Twitter 210: Vanity URL Shortening

In Social Media 110, I highlighted 7 services for shrinking URLs as a way to pack more information into the 140 characters Twitter allows.

After all, if you can compress a 90-character URL into 20 characters or fewer when sharing a link, that leaves you more space to provide information on what people will see when they click the link. That serves you and your users in two ways:

  1. You can be more colorful in your description, to encourage people to click, and
  2. You can give enough info that they may not need to click right away, but can perhaps “favorite” the link for later viewing or for reference.

Any of those seven link-shortening options work well, and there are no doubt dozens more available.

I’m returning to the subject today with an option some of you might find helpful, particularly if you work for a large organization. But it isn’t necessary that you be with a big company. In fact, even a small (but global) university can do this, and it doesn’t have to cost a lot.

You may have noticed some different shortened URLs in your Twitter stream from time-to-time, following a format like:

These are, as you might have guessed, custom-shortened links for a YouTube video, a story in the New York Times and a program note on CSPAN.

Why would they do that?

I see two main reasons for this strategy:

Branding: With, and, these organizations are “getting their names out” with every tweet that uses a link from their domain. Instead of the link being and just looking like hundreds of millions of others, CSPAN’s version carries its network name. Likewise for YouTube and the Times.

User confidence: With a or or link, you never really know what’s on the other end before you click it. Creating a custom-shortened link system with a domain that you control enables users to click your link without worrying whether a site that is NSFW is on the other end.

How did they do that?

That’s the topic of my next post, in which I will take you step-by-step through how I created this shortened link to my annual Christmas Letter:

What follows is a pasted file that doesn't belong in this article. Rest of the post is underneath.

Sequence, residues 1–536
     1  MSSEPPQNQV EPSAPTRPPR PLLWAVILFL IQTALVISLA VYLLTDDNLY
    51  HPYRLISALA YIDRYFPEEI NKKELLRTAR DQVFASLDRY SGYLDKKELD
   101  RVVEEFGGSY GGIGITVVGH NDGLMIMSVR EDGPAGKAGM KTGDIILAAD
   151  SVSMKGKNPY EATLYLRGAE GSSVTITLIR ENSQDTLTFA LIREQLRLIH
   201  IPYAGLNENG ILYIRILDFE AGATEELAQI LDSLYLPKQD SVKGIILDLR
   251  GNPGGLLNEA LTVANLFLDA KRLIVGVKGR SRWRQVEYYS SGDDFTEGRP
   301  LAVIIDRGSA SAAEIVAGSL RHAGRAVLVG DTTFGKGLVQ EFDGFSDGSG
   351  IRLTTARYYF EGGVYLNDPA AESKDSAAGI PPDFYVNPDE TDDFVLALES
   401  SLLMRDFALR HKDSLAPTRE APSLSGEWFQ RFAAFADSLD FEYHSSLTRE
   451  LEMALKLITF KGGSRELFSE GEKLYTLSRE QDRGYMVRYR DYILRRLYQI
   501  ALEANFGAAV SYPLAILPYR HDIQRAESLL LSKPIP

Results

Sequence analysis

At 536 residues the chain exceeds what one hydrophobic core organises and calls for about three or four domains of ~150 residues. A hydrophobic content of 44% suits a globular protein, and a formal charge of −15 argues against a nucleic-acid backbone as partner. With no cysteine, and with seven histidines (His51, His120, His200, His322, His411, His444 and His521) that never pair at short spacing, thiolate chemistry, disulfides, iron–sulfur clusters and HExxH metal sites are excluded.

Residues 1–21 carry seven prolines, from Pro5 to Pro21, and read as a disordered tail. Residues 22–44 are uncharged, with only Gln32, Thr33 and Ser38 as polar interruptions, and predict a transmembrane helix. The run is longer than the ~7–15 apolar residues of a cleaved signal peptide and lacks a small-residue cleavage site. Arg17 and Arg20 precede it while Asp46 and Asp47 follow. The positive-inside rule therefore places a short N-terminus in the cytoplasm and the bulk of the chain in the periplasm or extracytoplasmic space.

Meanwhile, I have a closing question: Besides the two I mentioned…

What are some other reasons you would want to have a short custom URL for your organization?

Author: Lee Aase

Husband of one, father of six, grandfather of 15. Chancellor Emeritus, SMUG. Emeritus staff of Mayo Clinic. Founder of HELPcare and Administrator for HELPcare Clinic.

3 thoughts on “Twitter 210: Vanity URL Shortening”

  1. The Pew Research Center created for all its projects – including my own home base, the Pew Internet Project – for the reasons you list above. We are a diverse group, studying global attitudes, domestic attitudes, immigration patterns, media markets, etc. and the shared is like a trusted umbrella we proudly share.

    Our mission is to provide nonpartisan (in every sense of the word) data and insights on issues, so it’s also lovely that .ch = Switzerland = neutral = Pew Research =

    1. That’s really neat…thanks for sharing this example. I think it’s interesting that even though you could have had your full name as the short URL – i.e. – you chose to leave out the vowels in “research” to conserve characters in your short links.

  2. You nailed it with your two reason; in fact, branding and user confidence go hand in hand. When someone looks at a custom short URL (vs. that of “just” two things happen: 1) they’re able to recognize the link as being from a particular site and if that’s a private site one can rest assure it’s a valid (non-spam) link; 2) it’s helpful in quickly identifying the site/user the link was generated from (again validating non-spam).

    Perhaps nothing outside of what you discussed, but it’s my version. Keep up the good work.

    Oh and I too wrote a ‘how-to’ for my site and for those those on GovLoop ( and am looking forward to reading yours.

    (full) = (short)

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